RFID.bomb?


18 Sep 2007

Share on FacebookTweet about this on TwitterShare on LinkedInShare on Google+Pin on PinterestShare on RedditEmail this to someone

Share on FacebookTweet about this on TwitterShare on LinkedInShare on Google+Pin on PinterestShare on RedditEmail this to someone

History is littered with technical blunders — RFID in the supply chain could be one of the biggest.

In times where productivity and competitiveness are becoming more vital to sustaining economic prosperity, investing in technology for technology’s sake can be a very costly, if not fatal mistake.

The overhyped RFID (Radio Frequency Identification) technology is a prime example.

RFID in the supply chain has been hailed as a replacement for barcodes and the ultimate in item tracking. In most cases, however, upon further inspection, you find an expensive solution looking for a problem.

Firstly, I would like to categorically state that I am a very big fan of RFID. Since 1995, I have been exposed to various methods of solving unique problems using RFID and I have been directly involved in RFID projects.

My company, Heavey RF, has a large range of RFID products to offer and has deployed RFID solutions to a number of companies in Ireland. Unlike many such providers, we have actually made money doing it.

Great expectations

So what’s the problem?

It’s this – RFID simply cannot do what people expect it to do based on the hype that has been generated over the last decade.

RFID uses computer chips to store information. The advantage is that a lot of RFID chips or tags do not need power as they are charged by the reading signal and respond according to the data programmed.

The benefit is that comparatively large volumes of data can be stored in a tag and line of sight is not necessarily required. The technology is being sold globally as a revolution that will eventually replace barcodes.

According to the hype, if you are not on board, you will be left behind. Sound familiar? Remember the dotcom industry in the late Nineties?

RFID technology has been around a long time, as was the internet before general adoption. Then, a huge perceived explosion in the dotcom sector was generated around speculation, hype and a fear of not being part of a ‘new economy’ – a phase that RFID is currently in.

When the dust settled and reality played its part, the dotcom industry began a more sustainable and organic development – the next phase for RFID.

There are two core reasons why RFID will not succeed in replacing barcode technology – technical restrictions and the cost of producing the tag. While costs may come down, there are too many different types of RFID tags required to achieve true economies of scale that would make it a viable replacement for barcodes. Barcodes are more reliable than RFID tags. Some reports have read rates as low as 60pc success at case level.

RFID advocates will tell you that bulk purchases will drive the cost of the tag downwards. However, the big problem here is that there is no ‘one size fits all’, a factor needed to drive the market.

In reality, there are hundreds of different RFID tag types. From short range, medium range, long range, LF, HF, UHF, 2.4GHz, 5GHz – all with different physical attributes depending on the product they are to be applied to.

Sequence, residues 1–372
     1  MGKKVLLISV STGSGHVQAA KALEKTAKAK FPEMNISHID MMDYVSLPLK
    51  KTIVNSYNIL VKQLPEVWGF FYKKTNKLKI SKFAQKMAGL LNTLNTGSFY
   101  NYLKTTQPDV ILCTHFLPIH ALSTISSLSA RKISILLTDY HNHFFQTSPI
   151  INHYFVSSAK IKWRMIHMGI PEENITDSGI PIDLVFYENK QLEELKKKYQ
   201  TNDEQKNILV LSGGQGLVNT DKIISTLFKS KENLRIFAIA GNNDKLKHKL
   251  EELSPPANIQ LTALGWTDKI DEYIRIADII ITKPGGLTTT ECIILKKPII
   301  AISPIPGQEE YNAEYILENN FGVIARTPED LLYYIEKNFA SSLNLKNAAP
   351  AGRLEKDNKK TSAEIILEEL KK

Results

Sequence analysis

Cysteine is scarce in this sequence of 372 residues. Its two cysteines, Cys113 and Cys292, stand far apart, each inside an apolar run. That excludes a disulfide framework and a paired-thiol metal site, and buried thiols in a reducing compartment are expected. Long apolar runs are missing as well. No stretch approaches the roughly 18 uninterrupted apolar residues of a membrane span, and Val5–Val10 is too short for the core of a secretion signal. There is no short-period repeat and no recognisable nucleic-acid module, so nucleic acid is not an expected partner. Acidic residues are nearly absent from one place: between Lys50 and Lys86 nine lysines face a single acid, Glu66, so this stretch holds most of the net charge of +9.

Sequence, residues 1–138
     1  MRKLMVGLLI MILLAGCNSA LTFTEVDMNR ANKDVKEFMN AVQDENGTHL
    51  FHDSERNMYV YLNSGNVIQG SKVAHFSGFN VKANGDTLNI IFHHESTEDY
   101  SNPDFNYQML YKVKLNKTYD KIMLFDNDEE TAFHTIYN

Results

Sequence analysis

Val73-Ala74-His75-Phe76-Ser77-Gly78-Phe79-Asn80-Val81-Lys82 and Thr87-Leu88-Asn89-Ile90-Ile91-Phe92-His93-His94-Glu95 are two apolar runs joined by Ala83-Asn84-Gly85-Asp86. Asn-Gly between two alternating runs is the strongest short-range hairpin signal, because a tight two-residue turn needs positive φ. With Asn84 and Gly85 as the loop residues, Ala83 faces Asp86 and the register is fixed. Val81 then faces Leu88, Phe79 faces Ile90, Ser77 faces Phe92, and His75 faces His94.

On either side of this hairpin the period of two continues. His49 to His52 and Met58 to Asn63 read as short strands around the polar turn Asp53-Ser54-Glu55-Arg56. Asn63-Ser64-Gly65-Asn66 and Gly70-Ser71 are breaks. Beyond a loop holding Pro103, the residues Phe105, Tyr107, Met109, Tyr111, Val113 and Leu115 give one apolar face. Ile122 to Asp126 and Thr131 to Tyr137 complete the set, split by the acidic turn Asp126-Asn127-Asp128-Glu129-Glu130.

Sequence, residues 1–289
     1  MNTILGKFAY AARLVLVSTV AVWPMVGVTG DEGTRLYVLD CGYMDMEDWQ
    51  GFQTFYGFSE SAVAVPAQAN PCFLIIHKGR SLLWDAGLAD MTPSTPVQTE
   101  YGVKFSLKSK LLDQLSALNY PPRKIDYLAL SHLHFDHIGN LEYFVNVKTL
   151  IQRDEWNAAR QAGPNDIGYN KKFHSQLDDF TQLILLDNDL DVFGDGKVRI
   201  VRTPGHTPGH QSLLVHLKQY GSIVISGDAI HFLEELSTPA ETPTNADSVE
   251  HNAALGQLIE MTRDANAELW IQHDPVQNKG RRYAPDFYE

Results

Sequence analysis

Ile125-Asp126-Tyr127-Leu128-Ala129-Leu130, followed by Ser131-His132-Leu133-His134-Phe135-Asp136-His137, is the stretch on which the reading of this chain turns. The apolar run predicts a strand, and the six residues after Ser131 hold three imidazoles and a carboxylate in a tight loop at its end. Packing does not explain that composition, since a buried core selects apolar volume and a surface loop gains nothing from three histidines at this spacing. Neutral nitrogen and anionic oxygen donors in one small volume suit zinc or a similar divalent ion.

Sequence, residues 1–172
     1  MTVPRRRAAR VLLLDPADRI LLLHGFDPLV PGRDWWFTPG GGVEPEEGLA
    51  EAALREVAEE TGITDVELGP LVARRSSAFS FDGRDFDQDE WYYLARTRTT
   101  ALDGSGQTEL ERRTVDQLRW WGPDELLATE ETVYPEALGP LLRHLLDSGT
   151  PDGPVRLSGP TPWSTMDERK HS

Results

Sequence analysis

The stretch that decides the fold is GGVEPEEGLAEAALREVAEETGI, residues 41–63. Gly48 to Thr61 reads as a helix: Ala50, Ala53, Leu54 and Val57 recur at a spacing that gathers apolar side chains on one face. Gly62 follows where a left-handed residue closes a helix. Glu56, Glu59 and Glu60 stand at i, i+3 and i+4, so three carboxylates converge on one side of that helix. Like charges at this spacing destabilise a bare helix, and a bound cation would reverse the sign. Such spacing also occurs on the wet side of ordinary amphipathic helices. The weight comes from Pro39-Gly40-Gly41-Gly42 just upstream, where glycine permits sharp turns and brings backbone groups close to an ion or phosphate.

Because of the physical size of products, their contents, and the properties of RF technology, a large number of different tag types need to be maintained – splitting volumes.

Over the last number of years I have attended seminar after seminar about how RFID is the future and that if you are not on board you will be left behind. I have not heard anything new in these seminars and most of them seem to focus on the biggest thing to happen to RFID in the last 10 years – Wal-Mart.

The Wal-Mart story has made RFID look like a sure thing.

But scratch the surface of the Wal-Mart progress and a very different picture emerges. The Wall Street Journal reported that RFID in Wal-Mart was failing, which was quickly disputed by Wal-Mart, but no real defence was produced in terms of facts or figures or indeed the much sought-after return on investment. On paper, the numbers may add up for Wal-Mart, but suppliers are not seeing a return on investment. To date, not one of the Wal-Mart suppliers utilises RFID for any other customer.

I would advise Irish companies to hold off on implementing RFID unless it can be demonstrated that it is fit for purpose and can deliver a return of investment. RFID can produce some real benefits when deployed correctly and professionally in a closed loop environment.

A proper cost analysis must be performed and the numbers have got to stack up before any decision to deploy RFID should be taken.
Given that barcoding still hasn’t been fully deployed after 40 years in the supply chain, I find it hard to accept that this much more expensive,
infinitely more complicated and not-yet-mature technology is going to be any different.

Given the last 15 years of what is effectively an RFID failure in the supply chain, Irish firms should insist in seeing a proven working solution before taking what is ultimately a big leap of faith. History is littered with large technical blunders – RFID in the supply chain could be one of the biggest.

By Ronan Clinton

66

DAYS

4

HOURS

26

MINUTES

Get your early bird tickets now!